Coronavirus crisis forces 2019-2020 school year to continue online


Joey Klobas '07

The Crusader mascot starred in an inspirational video during the SIP.

As the three o’clock prayer echoed through the halls of Archbishop Riordan High School on March 5, teachers began office hours as per usual and prepared for an Archdiocesan Educators’ Convocation the following day.

Students walked down Ocean Avenue, high fiving their Crusader Brothers as they thought out plans for their three day weekend. No one would’ve guessed that it was their last day in school.

On the afternoon of March 6, it was reported that the parents of a Riordan student tested positive for coronavirus (COVID-19). The Riordan Administration, led by President Dr. Andrew Currier and Principal Tim Reardon, made the immediate decision to cancel the baseball and basketball activities for that evening.

News of the cancellation came as a shock to the team’s supporters and the opposing team of De La Salle High School in Concord. During the announcement, the Administration also announced the closure of the school for Monday, March 9 as deep cleaning of the campus would be conducted, with classes resuming on Tuesday morning.

According to the World Health Organization, the most common symptoms of the coronavirus are producing a dry cough, dealing with nasal congestion, aches, and pains, sore throat, or tiredness. A fever is also a top attribute one may develop.

The reason someone might not know they have COVID-19 is that their symptoms are still developing, but will soon climb gradually. According to health experts, the virus takes two to 14 days after contact for someone to start feeling any signs.

“With the flu, one usually comes down with symptoms only a few days after being exposed, and once you do, you hopefully self-isolate while you try to get better,” said Science Department Chair Colleen O’Rourke.

“If someone thinks they have the coronavirus, they should stay home and self isolate first,” said USF nursing student Denise Santos. “Certain individuals like those with lower immune systems or even those who smoke or vape are at a higher risk and may need to be admitted to the hospital so the medical staff can watch them closer.”

Although this virus carries an 80 percent recovery rate without medical treatment, it could be deadly. The most targeted in that department are the elderly, whose immune systems aren’t as strong as they once were, and those with compromised medical histories.

The latter include diabetics, those with weak immune systems, asthma or cancer, and people who smoke.

As of mid-June, the United States has roughly 2,085,769 cases and 878,182 have recovered. 115,644 people have lost their lives due to the virus. In California, there are 148,855 confirmed cases and 5,063 fatalities. To narrow it down even more, there are 2,928 confirmed cases in San Francisco, with 45 deaths.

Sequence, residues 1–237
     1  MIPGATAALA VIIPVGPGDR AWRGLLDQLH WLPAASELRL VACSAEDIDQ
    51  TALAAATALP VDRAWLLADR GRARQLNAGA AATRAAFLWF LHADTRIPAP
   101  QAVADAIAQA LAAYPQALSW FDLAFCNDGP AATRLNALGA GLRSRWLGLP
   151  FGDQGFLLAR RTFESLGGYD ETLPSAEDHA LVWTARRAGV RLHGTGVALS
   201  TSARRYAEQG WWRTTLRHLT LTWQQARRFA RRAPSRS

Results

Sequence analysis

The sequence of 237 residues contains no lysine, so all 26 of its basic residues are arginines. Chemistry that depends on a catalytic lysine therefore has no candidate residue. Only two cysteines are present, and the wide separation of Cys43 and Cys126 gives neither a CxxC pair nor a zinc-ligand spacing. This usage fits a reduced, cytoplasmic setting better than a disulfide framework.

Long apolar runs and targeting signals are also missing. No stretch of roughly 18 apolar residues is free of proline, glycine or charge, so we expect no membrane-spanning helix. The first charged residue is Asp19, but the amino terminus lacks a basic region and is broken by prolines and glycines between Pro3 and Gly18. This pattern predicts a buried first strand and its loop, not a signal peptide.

During the early morning hours of March 9, Currier and Reardon reported that a Riordan student had tested positive for COVID-19. Within the announcement, the administration stated that a decision to close the school building beyond March 9 would be made that afternoon.

At 4:00 p.m., the Riordan Administration, after consulting with the Archdiocese of San Francisco and the San Francisco Health Department, made the decision to cancel classes and school-related activities for two weeks, with hopes of resuming classes on March 23.

With that announcement came the cancellation of the Varsity basketball team’s road to a State Championship, the Sophomore Retreat, and the annual Mother- Son Dance.

Dean of Academics Michael O’Brien was going to lead the Sophomore Retreat and stated, “It’s devastating for the program. It looks like we’re not going to be able to pull it off this year.” O’Brien said that the retreat program has been hit the hardest from the closure.

One day after the announcement of the two week closure, Superintendent of the Archdiocese of San Francisco, Pamela Lyons, announced that all Archdiocesan schools would be closed through March 25 with the hope of returning to campus on March 26. This extended the closure of Riordan by an extra three days, but with it took out the plans for the Junior Retreat.

As cases of COVID-19 continued to rapidly increase, Mayor London Breed of San Francisco made an announcement on March 16 that San Francisco and five other counties would institute a shelter- in-place order until April 7. This order would later be extended to the beginning of May.

On the first day back from Easter Break, Lyons officially announced what a majority of students had feared, Archbishop Riordan High School wouldn’t reopen for the remainder of the 2019-2020 school year, bringing the historic school year to a close, but many are still looking forward to another historic year in the fall.

Frankie Ryan ’20, stated, “I feel like I lost so much of my senior year. I am hopeful though that the school will have a ceremony that we will never forget and this virus will bring us closer as a class.”

Though Archbishop Riordan High School didn’t return for the rest of the year, school spirit among the Crusaders was still very much alive.